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2104 is ranked in the top 250 RHP in the country, 5th in his state, and has not got an offer, threw 3 shut-outs and 2 no-hitters this season at PG and East Cobb.... 6'4 180 

Scouts show more interest than college recruiters.......  still hoping something happens...  too bad the ones making the decisions are often college team rejects that are now road dog recruiters at 25 years old.

Originally Posted by bacdorslider:

2104 is ranked in the top 250 RHP in the country, 5th in his state, and has not got an offer, threw 3 shut-outs and 2 no-hitters this season at PG and East Cobb.... 6'4 180 

Scouts show more interest than college recruiters.......  still hoping something happens...  too bad the ones making the decisions are often college team rejects that are now road dog recruiters at 25 years old.

If he is Class of 2104, that might explain things!

bacdor,

2014 RC are looking for guys that size, but he needs to be in the 90+RHP (not 82-87)for early love. 

 

Be careful about bad mouthing the recruiters, they all know each other and can easily find out who your son is, I did.

 

I once heard from a RC at a DI say that they look at the parents just as close as they kid. Could make or break the deal.

 

Tell 2014 to keep working hard! Good luck!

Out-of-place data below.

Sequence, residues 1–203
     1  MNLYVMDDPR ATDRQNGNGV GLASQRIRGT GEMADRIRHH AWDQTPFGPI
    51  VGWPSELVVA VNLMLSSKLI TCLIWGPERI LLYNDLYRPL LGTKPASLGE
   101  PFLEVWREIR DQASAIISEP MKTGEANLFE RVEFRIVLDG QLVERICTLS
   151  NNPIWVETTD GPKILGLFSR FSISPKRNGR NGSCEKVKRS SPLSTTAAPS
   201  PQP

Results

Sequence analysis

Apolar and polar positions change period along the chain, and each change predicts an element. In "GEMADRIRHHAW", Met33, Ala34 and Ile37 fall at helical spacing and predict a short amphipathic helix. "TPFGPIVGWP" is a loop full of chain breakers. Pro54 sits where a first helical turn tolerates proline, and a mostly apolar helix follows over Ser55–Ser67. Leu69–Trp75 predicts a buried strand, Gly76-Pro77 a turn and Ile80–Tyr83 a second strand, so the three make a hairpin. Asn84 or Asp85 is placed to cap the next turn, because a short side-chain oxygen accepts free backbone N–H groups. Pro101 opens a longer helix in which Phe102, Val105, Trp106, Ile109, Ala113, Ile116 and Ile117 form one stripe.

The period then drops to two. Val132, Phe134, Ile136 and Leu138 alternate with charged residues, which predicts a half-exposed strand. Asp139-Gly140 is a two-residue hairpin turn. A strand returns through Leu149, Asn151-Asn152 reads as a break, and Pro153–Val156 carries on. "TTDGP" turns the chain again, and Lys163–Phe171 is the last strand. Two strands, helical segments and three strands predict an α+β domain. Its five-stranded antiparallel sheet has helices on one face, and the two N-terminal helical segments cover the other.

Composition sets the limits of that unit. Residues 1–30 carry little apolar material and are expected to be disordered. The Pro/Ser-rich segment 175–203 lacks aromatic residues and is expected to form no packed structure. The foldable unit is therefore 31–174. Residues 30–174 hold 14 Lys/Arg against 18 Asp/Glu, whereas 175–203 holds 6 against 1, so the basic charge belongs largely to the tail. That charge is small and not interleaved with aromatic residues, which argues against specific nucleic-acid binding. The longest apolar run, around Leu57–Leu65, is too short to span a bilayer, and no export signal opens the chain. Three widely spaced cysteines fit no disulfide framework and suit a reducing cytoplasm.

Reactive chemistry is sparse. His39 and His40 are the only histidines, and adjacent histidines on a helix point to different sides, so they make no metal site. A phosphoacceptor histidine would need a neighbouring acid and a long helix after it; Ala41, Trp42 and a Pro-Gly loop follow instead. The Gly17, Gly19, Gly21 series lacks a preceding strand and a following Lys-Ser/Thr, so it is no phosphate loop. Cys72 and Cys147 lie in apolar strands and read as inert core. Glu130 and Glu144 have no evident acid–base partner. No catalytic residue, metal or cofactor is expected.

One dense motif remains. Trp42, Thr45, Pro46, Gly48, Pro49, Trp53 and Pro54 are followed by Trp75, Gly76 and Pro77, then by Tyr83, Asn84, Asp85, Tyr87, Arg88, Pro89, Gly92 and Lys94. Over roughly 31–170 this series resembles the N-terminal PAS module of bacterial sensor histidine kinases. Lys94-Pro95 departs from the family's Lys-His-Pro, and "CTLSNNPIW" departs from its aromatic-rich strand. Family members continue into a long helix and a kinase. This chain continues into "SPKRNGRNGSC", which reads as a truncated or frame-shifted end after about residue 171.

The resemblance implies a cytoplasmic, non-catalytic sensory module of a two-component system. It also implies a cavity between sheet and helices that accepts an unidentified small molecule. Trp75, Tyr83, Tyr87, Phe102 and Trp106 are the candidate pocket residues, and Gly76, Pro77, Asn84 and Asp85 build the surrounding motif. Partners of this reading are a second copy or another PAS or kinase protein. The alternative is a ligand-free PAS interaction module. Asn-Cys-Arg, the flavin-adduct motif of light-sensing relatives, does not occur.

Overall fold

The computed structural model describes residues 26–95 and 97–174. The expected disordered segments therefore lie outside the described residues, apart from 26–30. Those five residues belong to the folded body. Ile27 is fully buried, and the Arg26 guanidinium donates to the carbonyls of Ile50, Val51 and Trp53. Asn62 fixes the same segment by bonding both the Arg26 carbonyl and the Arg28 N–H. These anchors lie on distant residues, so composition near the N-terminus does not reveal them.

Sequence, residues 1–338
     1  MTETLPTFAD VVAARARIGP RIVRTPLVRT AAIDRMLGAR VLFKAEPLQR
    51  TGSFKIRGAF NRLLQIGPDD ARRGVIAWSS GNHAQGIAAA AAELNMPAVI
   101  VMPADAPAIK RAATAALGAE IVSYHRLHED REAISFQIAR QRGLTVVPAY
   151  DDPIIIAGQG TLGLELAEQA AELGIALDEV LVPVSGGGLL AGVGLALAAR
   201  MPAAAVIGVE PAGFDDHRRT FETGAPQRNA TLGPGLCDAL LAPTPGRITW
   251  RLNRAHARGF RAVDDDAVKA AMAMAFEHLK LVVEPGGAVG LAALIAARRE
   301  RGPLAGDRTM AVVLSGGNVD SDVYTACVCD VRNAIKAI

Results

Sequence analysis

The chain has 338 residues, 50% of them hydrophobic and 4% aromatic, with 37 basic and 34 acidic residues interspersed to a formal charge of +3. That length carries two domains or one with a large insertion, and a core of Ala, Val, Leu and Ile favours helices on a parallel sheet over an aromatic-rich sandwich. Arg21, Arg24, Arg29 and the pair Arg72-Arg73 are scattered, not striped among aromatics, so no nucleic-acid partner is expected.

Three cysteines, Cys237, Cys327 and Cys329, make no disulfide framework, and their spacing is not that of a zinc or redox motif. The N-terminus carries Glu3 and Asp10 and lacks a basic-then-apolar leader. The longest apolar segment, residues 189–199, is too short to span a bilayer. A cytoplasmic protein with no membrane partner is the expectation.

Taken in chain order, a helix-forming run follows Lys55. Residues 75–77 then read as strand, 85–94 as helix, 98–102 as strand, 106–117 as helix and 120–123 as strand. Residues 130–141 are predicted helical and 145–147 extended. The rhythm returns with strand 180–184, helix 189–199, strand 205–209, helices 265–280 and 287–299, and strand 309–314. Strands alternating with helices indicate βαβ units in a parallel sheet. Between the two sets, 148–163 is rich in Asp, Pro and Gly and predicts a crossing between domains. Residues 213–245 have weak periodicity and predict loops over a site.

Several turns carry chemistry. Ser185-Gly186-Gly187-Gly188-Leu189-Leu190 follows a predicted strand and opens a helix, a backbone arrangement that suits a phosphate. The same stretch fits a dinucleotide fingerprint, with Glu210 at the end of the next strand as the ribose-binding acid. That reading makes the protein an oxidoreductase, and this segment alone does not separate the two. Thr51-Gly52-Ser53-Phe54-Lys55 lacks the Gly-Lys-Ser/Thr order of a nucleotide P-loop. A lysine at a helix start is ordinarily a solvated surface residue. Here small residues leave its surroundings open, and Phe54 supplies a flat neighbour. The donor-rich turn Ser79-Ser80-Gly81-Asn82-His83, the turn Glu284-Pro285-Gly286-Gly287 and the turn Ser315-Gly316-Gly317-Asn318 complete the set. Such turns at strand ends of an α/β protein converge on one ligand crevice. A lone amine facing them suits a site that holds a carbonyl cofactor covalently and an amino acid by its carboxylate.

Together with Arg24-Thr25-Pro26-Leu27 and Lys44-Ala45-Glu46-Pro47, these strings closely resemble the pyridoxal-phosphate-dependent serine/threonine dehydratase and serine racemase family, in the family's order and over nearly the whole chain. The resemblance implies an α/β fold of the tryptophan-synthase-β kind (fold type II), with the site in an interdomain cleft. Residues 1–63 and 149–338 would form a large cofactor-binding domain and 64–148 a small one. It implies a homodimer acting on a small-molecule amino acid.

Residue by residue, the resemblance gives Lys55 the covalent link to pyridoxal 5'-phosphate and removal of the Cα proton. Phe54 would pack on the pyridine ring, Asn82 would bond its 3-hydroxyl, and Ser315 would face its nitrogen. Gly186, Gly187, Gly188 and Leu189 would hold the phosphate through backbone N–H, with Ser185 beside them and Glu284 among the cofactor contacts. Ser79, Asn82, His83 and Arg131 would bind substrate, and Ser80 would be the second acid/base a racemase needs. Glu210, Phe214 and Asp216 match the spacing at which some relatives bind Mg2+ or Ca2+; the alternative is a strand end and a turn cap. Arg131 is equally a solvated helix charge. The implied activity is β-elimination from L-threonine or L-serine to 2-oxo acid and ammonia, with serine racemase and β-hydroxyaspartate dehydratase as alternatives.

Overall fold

Please clarify -- is he an RHP who is in the top 250 players in the U.S.?

 

The way that's written, it says he's # 250 among RHP's.  Since PG rankings don't go that deep, I have to assume that's a mistake.  If they did, the 250th RHP would not necessarily be a guy everyone would want.

 

If pro scouts are sniffing around, he must have some good stuff.  If colleges aren't in that situation, it makes me wonder if there are problems with grades, SAT's, or behavior. 

Originally Posted by Picked Off:

bacdor,

2014 RC are looking for guys that size, but he needs to be in the 90+RHP (not 82-87)for early love. 

 

 

I have been telling him that for months. I also told him to be aware of scouts, they tend to do a number on players who do not feel that they have been shown the love, they know how to press buttons. And never never bad mouth any coach ion public, it will always comes back to haunt you.

IMO, because of the lack of redshirt opportunities, college baseball recruiting has become, "what can you do for me now".

 

College recruiting for 2014 is not over, in fact it isn't over until this time next year.  Opportunities still exist and will continue to do so for months to come.

 

For those a bit nervous, have your players contact JUCO programs, there are quite a few very good ones out there.  This might give your player an advantage to get stronger.

 

Catchers/position players need to be able to be flexible/diverified for different positions, most really good programs recruit on the players ability to hit the ball.   At the college level, what gets you in the game is the bat. Pop times, arm speed, etc aren't as important, as they will always find a place in the lineup for you.

A lot of great feedback! 

 

Realistically, the clock is ticking and the next 4-6 weeks can be critical for many 2014 grads searching for Division I opportunities.  There will be Division I options for players throughout the fall and into next spring of course but those possibilities will narrow for sure as time unfolds, simply the faster pace of today's recruiting cycle.  One Division I head coach (mid-level program, very good academics, big conference) recently told a family I know that, ideally, he wants to be finished with recruiting by November...for the 2015 class!